Immigration Act of February 5, 1917 (39 Stat. 874): This act codifies all previously enacted provisions excluding persons with contagious diseases, the insane, polygamists, paupers, professional beggars, epileptics, anarchists, persons with physical or mental defects, imbeciles, the feeble-minded, and children under the age of 16 without parents. In addition, it excludes illiterate aliens from entry, expands the list of aliens excluded for mental health and other reasons and further restricts the immigration of Asian persons.
Immigration Act of May 26, 1924 (43 Stat. 153): The first permanent limitation on immigration, this act establishes the "national origins quota system." In conjunction with the Immigration Act of 1917, it governs American immigration policy until 1952. In addition, it establishes the "consular control system" of immigration by mandating that no alien may be permitted entrance to the United States without an unexpired immigration visa issued by an American consular officer abroad. It goes on to impose fines on transportation companies who land aliens in violation of U.S. immigration laws, define the term "immigrant" and designate all other alien entries into the United States as "nonimmigrant," and establish classes of admission for nonimmigrant entries.
Immigration and Nationality Act of June 27, 1952 (INA, 66 Stat. 163): The INA brings into one comprehensive statute the multiple laws that, before its enactment, governed immigration and naturalization in the United States. In general, it perpetuates the immigration policies from earlier statutes with some significant modifications. The INA makes all races eligible for naturalization, thus eliminating race as a bar to immigration, and it eliminates discrimination between sexes with respect to immigration. It also revises the national origins quota system of the Immigration Act of 1924 and introduces a system of selected immigration by giving a quota preference to skilled aliens whose services are urgently needed in the United States and to relatives of U.S. citizens and aliens. It modifies and adds significantly to the then existing classes of nonimmigrant admission. The INA introduces the alien address report system whereby all aliens in the United States are required annually to report their current address to the INS and establishes a central index of all aliens in the United States for use by security and enforcement agencies.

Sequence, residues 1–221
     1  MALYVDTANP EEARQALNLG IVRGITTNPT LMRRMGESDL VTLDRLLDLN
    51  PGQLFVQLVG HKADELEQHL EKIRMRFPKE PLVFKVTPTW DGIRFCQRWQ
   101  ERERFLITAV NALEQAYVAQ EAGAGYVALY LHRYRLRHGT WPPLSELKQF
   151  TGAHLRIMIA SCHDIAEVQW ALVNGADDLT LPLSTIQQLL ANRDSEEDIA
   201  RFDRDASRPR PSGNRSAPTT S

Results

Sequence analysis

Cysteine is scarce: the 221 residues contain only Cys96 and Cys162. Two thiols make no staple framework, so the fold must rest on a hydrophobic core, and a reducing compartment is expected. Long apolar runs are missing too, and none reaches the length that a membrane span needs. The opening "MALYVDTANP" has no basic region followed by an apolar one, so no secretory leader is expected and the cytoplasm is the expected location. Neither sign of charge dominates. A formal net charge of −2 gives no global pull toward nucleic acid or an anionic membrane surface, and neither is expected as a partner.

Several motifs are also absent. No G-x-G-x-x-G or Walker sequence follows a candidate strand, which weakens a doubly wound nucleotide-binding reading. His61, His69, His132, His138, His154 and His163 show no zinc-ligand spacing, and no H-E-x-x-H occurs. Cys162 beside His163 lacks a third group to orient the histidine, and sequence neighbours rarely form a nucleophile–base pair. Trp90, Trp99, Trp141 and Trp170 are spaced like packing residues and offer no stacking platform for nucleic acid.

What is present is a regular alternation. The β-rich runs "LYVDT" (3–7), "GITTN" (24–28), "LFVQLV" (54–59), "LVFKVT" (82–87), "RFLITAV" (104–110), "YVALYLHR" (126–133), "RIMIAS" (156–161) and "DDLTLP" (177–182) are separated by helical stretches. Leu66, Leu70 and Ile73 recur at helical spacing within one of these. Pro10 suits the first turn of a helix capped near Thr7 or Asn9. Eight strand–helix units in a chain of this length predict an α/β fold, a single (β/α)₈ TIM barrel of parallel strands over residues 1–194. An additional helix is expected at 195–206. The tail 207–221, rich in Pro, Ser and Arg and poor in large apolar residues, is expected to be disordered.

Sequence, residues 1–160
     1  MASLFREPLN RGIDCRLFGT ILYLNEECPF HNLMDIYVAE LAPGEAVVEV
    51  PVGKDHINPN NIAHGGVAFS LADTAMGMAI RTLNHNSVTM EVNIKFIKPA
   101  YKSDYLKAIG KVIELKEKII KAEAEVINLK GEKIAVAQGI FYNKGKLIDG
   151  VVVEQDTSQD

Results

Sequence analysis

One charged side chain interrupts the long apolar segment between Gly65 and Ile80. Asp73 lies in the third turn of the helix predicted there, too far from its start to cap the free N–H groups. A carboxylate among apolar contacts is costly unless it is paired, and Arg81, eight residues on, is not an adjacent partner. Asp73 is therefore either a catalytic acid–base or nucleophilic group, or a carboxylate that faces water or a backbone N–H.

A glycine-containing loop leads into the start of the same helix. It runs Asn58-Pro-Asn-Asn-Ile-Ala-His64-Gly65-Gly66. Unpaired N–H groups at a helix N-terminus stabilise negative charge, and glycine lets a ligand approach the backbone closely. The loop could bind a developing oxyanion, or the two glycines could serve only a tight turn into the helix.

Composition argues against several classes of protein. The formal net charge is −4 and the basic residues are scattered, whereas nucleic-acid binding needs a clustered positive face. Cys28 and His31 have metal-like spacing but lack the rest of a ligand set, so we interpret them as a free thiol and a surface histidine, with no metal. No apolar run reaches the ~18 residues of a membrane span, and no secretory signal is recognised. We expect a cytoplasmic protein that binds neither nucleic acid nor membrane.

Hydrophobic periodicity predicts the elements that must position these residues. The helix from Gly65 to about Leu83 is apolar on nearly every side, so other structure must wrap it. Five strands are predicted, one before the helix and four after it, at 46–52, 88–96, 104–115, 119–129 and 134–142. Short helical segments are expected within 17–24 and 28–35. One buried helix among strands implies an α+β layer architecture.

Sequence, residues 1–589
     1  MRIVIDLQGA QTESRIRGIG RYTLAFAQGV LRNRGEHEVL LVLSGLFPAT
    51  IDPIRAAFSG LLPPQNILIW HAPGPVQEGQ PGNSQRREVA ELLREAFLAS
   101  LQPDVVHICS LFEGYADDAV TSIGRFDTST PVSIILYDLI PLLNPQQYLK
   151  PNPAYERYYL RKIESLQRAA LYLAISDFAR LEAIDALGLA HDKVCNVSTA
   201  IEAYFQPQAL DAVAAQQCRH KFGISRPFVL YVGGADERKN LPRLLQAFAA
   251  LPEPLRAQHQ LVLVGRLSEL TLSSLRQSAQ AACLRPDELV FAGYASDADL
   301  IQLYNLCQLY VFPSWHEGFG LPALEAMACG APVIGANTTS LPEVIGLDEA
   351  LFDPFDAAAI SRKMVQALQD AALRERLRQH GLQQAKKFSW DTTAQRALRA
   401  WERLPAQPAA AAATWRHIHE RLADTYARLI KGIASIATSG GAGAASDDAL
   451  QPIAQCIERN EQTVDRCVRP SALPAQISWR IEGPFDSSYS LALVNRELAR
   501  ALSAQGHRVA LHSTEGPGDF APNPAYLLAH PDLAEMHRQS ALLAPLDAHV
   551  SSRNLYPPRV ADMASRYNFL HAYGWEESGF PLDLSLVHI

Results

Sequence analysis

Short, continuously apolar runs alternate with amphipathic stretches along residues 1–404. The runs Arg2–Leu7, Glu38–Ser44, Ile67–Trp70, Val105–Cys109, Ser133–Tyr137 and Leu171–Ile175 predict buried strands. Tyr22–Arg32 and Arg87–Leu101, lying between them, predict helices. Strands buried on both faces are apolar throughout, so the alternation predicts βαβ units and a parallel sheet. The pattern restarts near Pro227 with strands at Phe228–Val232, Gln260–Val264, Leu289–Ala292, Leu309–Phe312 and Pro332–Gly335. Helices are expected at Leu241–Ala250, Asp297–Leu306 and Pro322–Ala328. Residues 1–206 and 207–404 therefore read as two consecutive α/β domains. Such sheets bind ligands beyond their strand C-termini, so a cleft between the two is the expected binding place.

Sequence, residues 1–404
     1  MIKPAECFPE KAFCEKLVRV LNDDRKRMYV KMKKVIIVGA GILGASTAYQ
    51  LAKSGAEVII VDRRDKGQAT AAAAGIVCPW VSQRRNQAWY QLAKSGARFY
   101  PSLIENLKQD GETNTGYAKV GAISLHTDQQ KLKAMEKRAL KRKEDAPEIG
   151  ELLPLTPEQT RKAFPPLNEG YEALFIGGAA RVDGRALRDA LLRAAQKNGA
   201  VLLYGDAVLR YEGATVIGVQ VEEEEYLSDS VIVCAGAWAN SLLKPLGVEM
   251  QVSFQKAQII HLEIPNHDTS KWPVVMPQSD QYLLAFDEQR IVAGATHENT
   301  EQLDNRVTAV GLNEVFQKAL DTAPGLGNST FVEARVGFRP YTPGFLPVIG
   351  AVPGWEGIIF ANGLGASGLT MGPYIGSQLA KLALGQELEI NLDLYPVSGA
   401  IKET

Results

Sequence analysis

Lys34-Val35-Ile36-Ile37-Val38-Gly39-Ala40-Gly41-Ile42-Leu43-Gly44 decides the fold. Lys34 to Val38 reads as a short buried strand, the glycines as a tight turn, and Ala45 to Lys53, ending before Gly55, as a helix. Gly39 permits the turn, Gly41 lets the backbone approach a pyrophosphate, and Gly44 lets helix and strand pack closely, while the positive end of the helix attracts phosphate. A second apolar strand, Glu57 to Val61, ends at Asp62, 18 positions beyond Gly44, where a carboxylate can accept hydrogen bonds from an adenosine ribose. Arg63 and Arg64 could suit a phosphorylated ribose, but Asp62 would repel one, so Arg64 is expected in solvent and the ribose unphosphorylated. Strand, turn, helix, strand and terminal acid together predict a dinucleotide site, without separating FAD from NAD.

Immigration and Nationality Act Amendments of October 3, 1965 (79 Stat. 911): These amendments abolish the national origins quota system eliminating national origin, race or ancestry as a basis for immigration to the United States and establish allocation of immigrant visas on a first come, first served basis, subject to a seven-category preference system for relatives of U.S. citizens and permanent resident aliens and for persons with special occupational skills, abilities or training. More importantly, the 1965 amendments introduce a prerequisite for the issuance of an immigrant visa of an affirmative finding by the Secretary of Labor that an alien seeking to enter as a worker will not replace a worker in the United States nor adversely affect the wages and working conditions of similarly employed individuals in the United States.